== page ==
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Certified Technician
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Discussion Starter · #1 ·
Its about a 4-5 year old Echo EA-500 Auger, used commercially...

Complaint was that it wouldnt start and it had a failed clutch.

I just put a new piston and cylinder on his other one, same kind of failure but not quite so bad...

Given the nature of the equipment, can anyone explain why it failed? And no, it was not run lean (fixed main) and was only run on Ethanol Free fuel, and not straight gassed...











:trink39::thThumbsU
 

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Certified Technician
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Discussion Starter · #3 ·
Also, Echo uses a floating wrist pin...I had to made a custom puller to manually force the wrist pin out of the piston as it was seized in, notice the discoloration on the pin...
 

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Discussion Starter · #7 ·
No signs of loss of lubrication on the bearings, no scoring of the cylinder, or ring sticking beyond at the Exhaust port...
 

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Discussion Starter · #8 ·
Give yall a hint...

They run 3 of these things to plant/replant clear cutting sites...approx 18000 holes dug, about 6000 per machine, about 8-10" deep in close succession.
 

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Discussion Starter · #13 ·
Ill goahead and explain what killed it, Ill post it in WHITE font, so if you want to know, Highlight below to find out, if you dont want to know, dont highlite, or quote this post.

Being an auger, its not run at part throttle, they put it in the ground, wide open for 10-15 seconds at HIGH load...then lift it out of the hole @ idle, then drop it onto the ground 2 steps away, full throttle, full load....over and over. The engine never gets any time to lose the built up heat between holes. Your engine will always make heat...but when you run wide open, it makes the most heat, when you run it under high load, the cooling fan spins slower, and the engine heats up faster. The piston absorbs heat and cant get rid of it fast enough, and the hottest part of the piston, the area at the exhaust port...melts. To remedy this, they should either run it at wide open at all times, to allow it to blow off heat between holes, or let it idle longer between holes. Basically, long story short...they are overheating it. If you can imagine, if you went to a drag strip, took a 1/4 mile run...drove back around the track to the start again, made another run, over and over...the engine would be able to lose the heat that was soaked into it, between runs. However if you made 1/4 mile runs, turned around at the end of the track, and made a 1/4 mile run back, over and over..the engine would eventually overheat because you are adding heat faster than it can be lost. With air cooled engines, they are reliant on either engine speed (more air) or more time (at idle) to lose heat that soaks into the piston, crank, block, head...They are digging 6000 holes, probably 4 a minute...doesnt take long to overheat an engine. Im going to suggest that they do a 3 man rotation..for a little more time between holes, as well as a colder plug...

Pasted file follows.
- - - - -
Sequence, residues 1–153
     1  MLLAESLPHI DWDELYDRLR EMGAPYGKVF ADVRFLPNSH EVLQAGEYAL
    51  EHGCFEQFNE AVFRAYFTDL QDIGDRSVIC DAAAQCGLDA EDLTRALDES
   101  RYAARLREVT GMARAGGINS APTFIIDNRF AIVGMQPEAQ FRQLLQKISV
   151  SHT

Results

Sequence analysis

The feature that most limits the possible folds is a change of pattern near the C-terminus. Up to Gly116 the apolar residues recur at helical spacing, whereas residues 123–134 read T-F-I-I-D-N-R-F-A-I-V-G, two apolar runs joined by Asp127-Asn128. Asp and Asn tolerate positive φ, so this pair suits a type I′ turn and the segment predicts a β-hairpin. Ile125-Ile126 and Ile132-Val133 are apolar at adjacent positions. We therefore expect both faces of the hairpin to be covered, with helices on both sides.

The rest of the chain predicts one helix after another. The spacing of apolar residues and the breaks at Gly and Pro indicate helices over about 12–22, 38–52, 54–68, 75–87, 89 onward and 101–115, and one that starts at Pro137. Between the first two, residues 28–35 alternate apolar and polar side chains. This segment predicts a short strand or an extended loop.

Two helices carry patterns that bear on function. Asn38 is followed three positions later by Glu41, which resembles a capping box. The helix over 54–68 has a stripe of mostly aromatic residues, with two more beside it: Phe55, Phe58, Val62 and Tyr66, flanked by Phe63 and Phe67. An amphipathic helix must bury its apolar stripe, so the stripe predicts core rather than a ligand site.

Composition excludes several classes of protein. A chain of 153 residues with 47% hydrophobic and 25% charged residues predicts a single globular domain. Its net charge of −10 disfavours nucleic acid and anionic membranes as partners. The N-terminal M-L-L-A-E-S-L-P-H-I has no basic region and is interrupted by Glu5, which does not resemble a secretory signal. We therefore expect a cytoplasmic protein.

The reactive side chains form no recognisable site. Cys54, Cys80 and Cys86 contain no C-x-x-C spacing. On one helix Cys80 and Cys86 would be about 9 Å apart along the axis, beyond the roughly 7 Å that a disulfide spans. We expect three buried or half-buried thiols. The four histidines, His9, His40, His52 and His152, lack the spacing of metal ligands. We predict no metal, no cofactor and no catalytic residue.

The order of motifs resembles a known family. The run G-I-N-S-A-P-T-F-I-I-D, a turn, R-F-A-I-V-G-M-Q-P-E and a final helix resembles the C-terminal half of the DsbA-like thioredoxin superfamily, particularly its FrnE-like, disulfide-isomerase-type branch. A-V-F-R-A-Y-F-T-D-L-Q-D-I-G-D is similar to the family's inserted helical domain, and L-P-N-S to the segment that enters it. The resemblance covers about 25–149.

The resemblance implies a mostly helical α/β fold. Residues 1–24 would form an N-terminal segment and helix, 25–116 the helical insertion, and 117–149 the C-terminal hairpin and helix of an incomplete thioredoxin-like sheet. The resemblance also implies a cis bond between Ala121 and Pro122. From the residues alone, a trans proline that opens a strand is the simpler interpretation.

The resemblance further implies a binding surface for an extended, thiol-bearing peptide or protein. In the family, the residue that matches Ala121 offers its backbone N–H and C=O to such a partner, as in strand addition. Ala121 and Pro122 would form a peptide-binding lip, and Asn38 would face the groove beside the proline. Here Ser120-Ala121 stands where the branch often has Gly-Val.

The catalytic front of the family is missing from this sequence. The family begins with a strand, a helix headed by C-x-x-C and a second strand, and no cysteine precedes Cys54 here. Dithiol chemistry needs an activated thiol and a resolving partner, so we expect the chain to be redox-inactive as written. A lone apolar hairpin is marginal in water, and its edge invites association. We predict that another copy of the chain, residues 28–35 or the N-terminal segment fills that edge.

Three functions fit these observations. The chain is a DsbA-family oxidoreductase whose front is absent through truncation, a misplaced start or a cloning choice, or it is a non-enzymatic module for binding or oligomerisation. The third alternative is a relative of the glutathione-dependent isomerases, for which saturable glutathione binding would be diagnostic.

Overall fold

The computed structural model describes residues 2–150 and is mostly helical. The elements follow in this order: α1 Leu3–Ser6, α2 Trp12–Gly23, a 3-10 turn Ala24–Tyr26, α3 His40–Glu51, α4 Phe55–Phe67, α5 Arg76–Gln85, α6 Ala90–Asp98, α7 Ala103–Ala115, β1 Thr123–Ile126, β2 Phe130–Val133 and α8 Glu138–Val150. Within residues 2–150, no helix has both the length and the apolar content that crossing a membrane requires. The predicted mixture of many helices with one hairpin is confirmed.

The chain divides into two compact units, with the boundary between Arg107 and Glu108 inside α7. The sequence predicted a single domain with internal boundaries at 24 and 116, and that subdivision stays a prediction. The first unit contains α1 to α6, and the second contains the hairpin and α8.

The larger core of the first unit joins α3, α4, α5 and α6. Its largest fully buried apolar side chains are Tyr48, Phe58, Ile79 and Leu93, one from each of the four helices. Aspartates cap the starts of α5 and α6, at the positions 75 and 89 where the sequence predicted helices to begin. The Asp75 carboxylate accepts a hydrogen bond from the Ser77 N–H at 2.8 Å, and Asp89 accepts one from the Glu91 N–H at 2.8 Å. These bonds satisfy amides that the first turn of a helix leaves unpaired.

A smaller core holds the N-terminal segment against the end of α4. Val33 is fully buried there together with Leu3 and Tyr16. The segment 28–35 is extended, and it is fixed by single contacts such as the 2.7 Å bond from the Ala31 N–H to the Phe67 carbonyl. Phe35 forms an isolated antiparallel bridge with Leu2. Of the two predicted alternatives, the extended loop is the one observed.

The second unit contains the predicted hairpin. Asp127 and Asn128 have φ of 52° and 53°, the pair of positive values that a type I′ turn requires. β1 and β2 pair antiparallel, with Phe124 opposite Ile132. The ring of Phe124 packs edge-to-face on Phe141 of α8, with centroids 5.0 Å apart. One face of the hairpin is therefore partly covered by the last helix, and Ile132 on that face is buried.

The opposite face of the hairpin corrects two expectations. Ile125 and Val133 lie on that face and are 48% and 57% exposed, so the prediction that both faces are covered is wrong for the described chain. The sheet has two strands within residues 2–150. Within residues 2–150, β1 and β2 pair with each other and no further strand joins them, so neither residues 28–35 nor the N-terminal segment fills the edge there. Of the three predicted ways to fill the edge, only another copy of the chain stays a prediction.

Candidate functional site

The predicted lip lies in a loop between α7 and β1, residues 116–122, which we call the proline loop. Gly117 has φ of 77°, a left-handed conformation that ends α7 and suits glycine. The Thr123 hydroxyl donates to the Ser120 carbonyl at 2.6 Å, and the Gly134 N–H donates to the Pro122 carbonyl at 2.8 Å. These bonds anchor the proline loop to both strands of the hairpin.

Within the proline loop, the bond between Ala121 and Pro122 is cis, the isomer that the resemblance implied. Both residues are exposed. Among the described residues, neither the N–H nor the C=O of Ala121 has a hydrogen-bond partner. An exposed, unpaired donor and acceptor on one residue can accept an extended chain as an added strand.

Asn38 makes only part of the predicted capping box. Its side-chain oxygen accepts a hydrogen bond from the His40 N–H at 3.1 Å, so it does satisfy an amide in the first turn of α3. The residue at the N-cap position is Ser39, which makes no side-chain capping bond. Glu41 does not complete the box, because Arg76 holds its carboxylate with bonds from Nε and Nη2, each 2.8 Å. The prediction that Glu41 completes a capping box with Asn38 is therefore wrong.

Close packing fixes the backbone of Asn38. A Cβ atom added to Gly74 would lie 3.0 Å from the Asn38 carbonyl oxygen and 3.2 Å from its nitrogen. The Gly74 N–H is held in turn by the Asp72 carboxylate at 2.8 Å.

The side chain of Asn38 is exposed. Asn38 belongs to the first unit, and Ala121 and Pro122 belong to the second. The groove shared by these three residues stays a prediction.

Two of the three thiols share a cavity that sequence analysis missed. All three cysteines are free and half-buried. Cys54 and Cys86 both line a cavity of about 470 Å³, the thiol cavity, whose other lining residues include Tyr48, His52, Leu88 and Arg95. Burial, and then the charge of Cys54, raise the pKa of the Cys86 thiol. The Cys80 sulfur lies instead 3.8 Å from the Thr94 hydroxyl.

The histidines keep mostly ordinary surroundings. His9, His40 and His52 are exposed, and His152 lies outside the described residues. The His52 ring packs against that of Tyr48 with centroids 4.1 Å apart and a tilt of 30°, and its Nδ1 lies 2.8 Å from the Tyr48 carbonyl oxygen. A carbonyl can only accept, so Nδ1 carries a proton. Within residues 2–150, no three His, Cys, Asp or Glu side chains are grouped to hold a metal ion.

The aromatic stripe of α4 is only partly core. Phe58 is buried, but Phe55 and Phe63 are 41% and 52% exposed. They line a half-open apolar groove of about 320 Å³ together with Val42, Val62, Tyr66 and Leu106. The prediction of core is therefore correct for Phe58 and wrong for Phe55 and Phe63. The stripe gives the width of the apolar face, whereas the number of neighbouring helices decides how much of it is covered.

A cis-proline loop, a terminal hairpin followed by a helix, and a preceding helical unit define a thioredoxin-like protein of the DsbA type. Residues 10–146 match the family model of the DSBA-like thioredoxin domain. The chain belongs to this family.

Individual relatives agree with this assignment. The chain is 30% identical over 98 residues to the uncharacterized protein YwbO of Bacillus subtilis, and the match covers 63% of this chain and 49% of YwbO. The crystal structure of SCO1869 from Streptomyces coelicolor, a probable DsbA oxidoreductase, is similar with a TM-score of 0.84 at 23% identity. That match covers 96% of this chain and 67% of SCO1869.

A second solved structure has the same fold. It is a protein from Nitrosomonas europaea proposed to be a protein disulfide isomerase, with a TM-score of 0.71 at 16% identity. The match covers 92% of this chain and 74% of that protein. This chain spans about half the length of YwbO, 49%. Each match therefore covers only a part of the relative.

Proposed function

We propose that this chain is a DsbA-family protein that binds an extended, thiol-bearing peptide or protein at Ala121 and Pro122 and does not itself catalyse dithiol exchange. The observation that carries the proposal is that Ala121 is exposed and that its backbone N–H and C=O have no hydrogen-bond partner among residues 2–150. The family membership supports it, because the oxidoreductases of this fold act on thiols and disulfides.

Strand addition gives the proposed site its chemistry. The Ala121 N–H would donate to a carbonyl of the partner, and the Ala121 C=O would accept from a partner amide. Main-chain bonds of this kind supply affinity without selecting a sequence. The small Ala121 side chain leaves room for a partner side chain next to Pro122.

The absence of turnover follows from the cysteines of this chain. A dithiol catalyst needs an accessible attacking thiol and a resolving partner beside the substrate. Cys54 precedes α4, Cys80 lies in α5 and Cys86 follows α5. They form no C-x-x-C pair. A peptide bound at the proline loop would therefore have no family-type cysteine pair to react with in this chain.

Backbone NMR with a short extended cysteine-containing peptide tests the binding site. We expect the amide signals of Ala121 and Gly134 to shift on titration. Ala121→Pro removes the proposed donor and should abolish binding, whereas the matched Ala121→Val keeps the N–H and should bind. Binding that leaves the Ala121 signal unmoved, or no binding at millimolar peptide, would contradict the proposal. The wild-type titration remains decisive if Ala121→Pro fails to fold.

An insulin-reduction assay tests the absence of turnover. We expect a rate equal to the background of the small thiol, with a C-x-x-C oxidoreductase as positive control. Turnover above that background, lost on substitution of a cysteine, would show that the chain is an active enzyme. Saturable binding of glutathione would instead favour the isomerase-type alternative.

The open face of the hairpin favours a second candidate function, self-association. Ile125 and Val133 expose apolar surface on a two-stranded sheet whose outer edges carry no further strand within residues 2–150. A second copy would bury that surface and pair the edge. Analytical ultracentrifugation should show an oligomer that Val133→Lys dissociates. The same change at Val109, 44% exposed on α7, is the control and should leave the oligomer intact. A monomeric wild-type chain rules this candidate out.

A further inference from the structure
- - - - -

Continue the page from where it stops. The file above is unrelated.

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Replying in white...

Interesting. Based on your description of how they were running it (lots of bursts of full throttle), I was going to guess that it got hot enough that thermal expansion got the better of them, and the aluminum piston expanded more than the (presumably) cast-iron sleeve, until the gap between the two was gone and the piston scored. But I wouldn't have guessed the piston would melt. Looks like their poor machines have led pretty hard lives!
 

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OMG I got another LawnBoy
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Looks like it got too hot.
 

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Also a different exhaust will cure the problem.
 

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I was thinking they bored the hole, and set it on the ground shut off while they placed the post, not letting it cool off normally with the flywheel fan blowing. Intermittent full-throttle opening, then shut off w/o cooling, leading to the heat load building w/o opportunity for it to be thrown off.
tom
 

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Old Iron Connoisseur
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I'm a long time Echo fan but much of their new EPA compliant machines are so lean, that even with synthetic oil, no ethanol, etc. they will score the piston. Fixed jet carbs do not allow enough fuel if ANY obstruction of the carb occurs which can be a stopped fuel filter in the tank. I'm going with too lean a fixed jet carb.
 
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